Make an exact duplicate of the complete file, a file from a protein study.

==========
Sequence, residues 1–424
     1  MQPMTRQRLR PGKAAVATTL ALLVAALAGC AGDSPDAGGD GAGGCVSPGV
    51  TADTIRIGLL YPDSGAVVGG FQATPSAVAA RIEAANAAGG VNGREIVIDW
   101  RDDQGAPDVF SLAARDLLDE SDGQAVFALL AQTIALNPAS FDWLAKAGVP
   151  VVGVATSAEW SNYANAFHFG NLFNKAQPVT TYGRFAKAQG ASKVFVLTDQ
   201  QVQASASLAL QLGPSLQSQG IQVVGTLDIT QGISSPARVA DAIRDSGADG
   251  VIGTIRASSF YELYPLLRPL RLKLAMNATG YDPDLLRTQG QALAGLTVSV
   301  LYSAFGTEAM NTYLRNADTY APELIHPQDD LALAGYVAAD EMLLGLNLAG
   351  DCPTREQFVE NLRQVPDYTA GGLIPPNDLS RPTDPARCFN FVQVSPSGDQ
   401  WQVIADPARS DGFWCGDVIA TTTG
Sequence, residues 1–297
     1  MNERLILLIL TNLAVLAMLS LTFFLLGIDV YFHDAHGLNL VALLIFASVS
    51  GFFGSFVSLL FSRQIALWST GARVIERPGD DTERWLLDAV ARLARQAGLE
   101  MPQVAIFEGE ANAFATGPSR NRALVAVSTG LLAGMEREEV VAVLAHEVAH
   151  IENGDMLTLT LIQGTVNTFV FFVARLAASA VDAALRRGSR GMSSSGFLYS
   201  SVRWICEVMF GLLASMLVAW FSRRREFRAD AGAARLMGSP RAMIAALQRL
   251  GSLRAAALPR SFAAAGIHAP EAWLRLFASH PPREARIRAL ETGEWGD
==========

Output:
Sequence, residues 1–424
     1  MQPMTRQRLR PGKAAVATTL ALLVAALAGC AGDSPDAGGD GAGGCVSPGV
    51  TADTIRIGLL YPDSGAVVGG FQATPSAVAA RIEAANAAGG VNGREIVIDW
   101  RDDQGAPDVF SLAARDLLDE SDGQAVFALL AQTIALNPAS FDWLAKAGVP
   151  VVGVATSAEW SNYANAFHFG NLFNKAQPVT TYGRFAKAQG ASKVFVLTDQ
   201  QVQASASLAL QLGPSLQSQG IQVVGTLDIT QGISSPARVA DAIRDSGADG
   251  VIGTIRASSF YELYPLLRPL RLKLAMNATG YDPDLLRTQG QALAGLTVSV
   301  LYSAFGTEAM NTYLRNADTY APELIHPQDD LALAGYVAAD EMLLGLNLAG
   351  DCPTREQFVE NLRQVPDYTA GGLIPPNDLS RPTDPARCFN FVQVSPSGDQ
   401  WQVIADPARS DGFWCGDVIA TTTG
Sequence, residues 1–297
     1  MNERLILLIL TNLAVLAMLS LTFFLLGIDV YFHDAHGLNL VALLIFASVS
    51  GFFGSFVSLL FSRQIALWST GARVIERPGD DTERWLLDAV ARLARQAGLE
   101  MPQVAIFEGE ANAFATGPSR NRALVAVSTG LLAGMEREEV VAVLAHEVAH
   151  IENGDMLTLT LIQGTVNTFV FFVARLAASA VDAALRRGSR GMSSSGFLYS
   201  SVRWICEVMF GLLASMLVAW FSRRREFRAD AGAARLMGSP RAMIAALQRL
   251  GSLRAAALPR SFAAAGIHAP EAWLRLFASH PPREARIRAL ETGEWGD